Barabas: The Great Jewish Island
Christopher Marlowe’s play, The Jew of Malta, centers a narrative around the lead character, Barabas. Barabas is a very wealthy Jew who has his fortune stolen by the state so that they may pay off their ten year debt to the Turkish leader, Calymath. Barabas then spends the duration of the play exacting his revenge on the state of Malta. While reading the secondary source, I was particularly intrigued by the section discussing the historical events of Malta mirroring the events happening in Marlowe’s play:
“Other details in the play can be related to Maltese history as well. The transformation of Baraba’s home into a nunnery could well reflect the actual history of the convent of St. Scholastica in Birgu, which before 1496 had been a synagogue. Barabas’s poisoning of the convent’s food may reference La Valette’s decision to poison the wells on the Marsa used by the Turkish Forces during the Great Siege. As Hopkins contends, “If read with close attention to the history of Malta, there are few actions of Barabas’ which cannot be seen at least to have a place in the overall functioning of [Malta’s] internal economy and social order” (94).” (Morrow 346)
Taking this into consideration, I began to look as Barabas as a metaphor for the island itself. Indeed, as we look at the character, he not only has actions that mirror the history of Malta, but also seems to isolate himself from any connections with his fellow characters. Arguably his strongest human connection is with his daughter, Abigail, whom he kills (along with the other nuns) when she joins the convent after discovering Don Mathias and Don Lodowick are dead.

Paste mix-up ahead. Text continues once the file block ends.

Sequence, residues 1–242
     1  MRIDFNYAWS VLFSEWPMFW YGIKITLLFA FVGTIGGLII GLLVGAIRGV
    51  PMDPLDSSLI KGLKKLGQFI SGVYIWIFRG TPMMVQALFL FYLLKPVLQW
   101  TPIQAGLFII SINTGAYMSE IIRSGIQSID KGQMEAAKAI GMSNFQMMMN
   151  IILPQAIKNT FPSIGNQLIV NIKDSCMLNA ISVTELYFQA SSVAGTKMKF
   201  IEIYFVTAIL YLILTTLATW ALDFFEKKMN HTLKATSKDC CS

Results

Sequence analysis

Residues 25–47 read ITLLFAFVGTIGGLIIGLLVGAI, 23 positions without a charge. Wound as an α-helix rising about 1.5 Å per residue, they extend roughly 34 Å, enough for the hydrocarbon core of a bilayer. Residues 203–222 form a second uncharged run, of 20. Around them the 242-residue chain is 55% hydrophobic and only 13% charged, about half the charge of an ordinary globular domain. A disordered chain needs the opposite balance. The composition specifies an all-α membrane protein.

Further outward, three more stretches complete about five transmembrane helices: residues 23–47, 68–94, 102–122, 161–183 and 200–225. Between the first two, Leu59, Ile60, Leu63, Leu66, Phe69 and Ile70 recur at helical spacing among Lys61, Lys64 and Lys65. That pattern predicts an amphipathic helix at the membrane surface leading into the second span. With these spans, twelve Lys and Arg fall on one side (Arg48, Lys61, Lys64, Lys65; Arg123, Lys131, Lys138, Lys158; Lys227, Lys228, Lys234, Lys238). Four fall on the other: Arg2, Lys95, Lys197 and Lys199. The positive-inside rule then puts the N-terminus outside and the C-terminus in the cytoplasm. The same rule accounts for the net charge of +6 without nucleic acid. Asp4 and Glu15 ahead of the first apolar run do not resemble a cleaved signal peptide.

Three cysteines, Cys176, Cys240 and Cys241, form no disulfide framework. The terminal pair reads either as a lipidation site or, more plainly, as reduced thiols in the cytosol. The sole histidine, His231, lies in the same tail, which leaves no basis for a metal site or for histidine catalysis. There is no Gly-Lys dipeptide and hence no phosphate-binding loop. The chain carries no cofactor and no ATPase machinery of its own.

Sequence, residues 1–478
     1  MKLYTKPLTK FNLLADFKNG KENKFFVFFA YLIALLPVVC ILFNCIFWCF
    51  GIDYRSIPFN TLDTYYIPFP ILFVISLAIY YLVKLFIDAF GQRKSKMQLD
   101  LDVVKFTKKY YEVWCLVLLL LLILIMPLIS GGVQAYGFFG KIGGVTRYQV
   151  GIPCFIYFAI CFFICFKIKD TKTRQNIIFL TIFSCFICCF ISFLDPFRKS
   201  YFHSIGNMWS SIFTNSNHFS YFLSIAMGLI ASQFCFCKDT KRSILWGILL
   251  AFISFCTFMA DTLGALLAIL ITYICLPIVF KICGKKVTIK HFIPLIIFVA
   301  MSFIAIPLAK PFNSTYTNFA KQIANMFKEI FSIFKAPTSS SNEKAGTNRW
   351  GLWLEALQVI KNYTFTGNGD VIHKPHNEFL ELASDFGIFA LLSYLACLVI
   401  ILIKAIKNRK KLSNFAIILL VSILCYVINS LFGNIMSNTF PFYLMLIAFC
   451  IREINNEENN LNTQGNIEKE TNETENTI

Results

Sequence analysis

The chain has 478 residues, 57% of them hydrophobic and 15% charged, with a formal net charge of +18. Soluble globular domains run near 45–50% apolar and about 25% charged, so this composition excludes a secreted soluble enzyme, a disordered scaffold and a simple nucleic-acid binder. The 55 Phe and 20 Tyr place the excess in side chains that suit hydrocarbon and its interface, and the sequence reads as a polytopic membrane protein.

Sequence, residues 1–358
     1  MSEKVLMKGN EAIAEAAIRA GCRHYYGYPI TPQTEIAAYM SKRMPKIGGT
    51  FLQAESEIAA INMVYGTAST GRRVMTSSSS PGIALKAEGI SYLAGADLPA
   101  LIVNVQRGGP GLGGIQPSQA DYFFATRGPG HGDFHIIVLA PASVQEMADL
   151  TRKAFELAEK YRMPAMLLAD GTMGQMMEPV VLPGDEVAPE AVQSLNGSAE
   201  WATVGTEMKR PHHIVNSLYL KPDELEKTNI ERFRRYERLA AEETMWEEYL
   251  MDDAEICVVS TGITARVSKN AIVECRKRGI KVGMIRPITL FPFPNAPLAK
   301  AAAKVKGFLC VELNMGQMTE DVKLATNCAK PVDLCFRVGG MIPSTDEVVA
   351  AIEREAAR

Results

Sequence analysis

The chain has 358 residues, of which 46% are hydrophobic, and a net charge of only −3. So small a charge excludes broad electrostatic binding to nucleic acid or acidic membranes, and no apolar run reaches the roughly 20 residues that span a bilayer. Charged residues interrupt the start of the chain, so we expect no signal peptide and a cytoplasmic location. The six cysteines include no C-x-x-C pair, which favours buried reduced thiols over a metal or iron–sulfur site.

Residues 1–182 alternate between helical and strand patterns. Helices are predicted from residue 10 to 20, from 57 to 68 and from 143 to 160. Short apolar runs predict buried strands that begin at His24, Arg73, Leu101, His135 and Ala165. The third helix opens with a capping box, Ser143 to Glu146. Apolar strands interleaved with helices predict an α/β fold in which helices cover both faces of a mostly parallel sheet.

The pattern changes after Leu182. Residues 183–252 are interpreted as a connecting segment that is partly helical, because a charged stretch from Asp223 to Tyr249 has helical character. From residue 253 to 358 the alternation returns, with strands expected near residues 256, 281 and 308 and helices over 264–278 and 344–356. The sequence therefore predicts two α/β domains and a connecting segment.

“Barabas: Very well, Ithamore; then now be secret; and, now for thy sake, whom I so dearly love, now shall thou see the death of Abigail, that thou mayst freely live to be my heir.” (Marlowe 756)
Ithamore also is killed by Barabas when he betrays his trust and divulges his secrets to Bellamira. Aside from these two very close personal relationships, Barabas also feels no connection to the state or his religion. He repeatedly refuses to loan the money to the governor, and when he is singled out and has all of his possessions stolen, he replies to his fellow Jewish men:
“Barabas: Why did you yield to their extortion? You were a multitude, and I but one; and of me only have they taken all.” (Marlowe 262)
The rhetoric of singularity (I, me, Barabas, etc.) continues to show his isolation from society. In fact the only thing that Barabas clings to is his wealth, which, surprisingly, is a combination of jewels and treasures from a multitude of various empires and civilizations. This idea seems to create tension in the idea of Barbas’s isolationism in that he could not possibly have any of his riches without trade and establishing connections with other countries.
“So that of thus much that return was made; and of the third part of the Persian ships there was the venture summ’d and satisfied. As for those Samnites, and the men of Uz, that bought my Spanish oils and wines of Greece, here have I purs’d their paltry silverlings…” (Marlowe 80)
At the conclusion of the play, Barabas is killed by his own trap seemingly insinuating that the lack of human connection and compassion is what led to his downfall. However, it could be read that the death of Barabas is representational of the constant flux of the identity of the island. Throughout the duration of the play, there is a constant struggle for ownership of the island, never having a solidified leader who remains unthreatened by outside sources. Perhaps this is similar to the identity of the island, never having ONE identity, but rather, being a space for multiple religions, countries and goods to meld together, making the people of Malta a mix of everything, rather than one single thing.